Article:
A few years ago I worked for and traveled with a guy who had interesting tipping habits. He left reasonable (~20%) tips on food, but always tipped a fixed amount on beverages. As I recall it was $5 or 10 for a bottle of wine and $1 or 2 for a drink.
His take on it was that there is no difference between serving a $25 bottle of wine and serving one that cost $200, and that a server's efforts have nothing to do with the grade of liquor poured into a glass. But frankly, we didn't drink many $25 bottles of wine or much booze from the well.
Once I figured this out, my solution was to sneak money to the servers to make up for what I perceived as his under-tipping. I was eating and drinking well at somebody else's expense, and didn't mind hiding a few bucks under the dessert plate when my boss wasn't looking.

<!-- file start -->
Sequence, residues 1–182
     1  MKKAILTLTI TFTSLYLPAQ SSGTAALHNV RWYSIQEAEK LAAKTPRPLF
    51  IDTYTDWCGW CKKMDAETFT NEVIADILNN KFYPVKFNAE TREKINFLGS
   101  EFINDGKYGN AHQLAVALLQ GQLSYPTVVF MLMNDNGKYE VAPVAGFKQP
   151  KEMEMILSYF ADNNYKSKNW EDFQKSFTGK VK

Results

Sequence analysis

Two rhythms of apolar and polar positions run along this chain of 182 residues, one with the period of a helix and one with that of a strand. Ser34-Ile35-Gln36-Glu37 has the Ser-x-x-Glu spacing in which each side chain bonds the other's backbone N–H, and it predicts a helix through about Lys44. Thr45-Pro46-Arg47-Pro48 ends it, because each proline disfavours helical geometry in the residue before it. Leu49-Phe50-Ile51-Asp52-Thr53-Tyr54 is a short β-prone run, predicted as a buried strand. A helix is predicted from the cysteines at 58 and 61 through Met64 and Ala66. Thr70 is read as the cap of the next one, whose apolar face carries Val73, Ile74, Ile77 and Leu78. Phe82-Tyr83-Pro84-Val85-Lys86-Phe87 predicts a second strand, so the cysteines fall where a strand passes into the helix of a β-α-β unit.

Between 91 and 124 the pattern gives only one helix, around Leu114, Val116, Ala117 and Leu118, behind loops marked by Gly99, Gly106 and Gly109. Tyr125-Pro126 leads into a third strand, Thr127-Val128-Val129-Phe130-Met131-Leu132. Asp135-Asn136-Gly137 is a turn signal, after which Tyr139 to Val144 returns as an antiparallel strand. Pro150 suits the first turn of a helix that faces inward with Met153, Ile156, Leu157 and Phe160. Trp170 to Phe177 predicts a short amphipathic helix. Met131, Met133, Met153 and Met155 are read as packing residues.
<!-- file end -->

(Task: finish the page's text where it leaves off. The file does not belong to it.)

As years have gone by, though, I've occasionally wondered whether my ex-boss's tipping theories were a merely product of his demented mind, or whether there is wider acceptance of those habits. Can anybody fill me in?
Updated 7 months ago | 3
Updated 2 years ago | 0
Updated 2 years ago | 96
Updated 2 years ago | 21
Updated 2 years ago | 56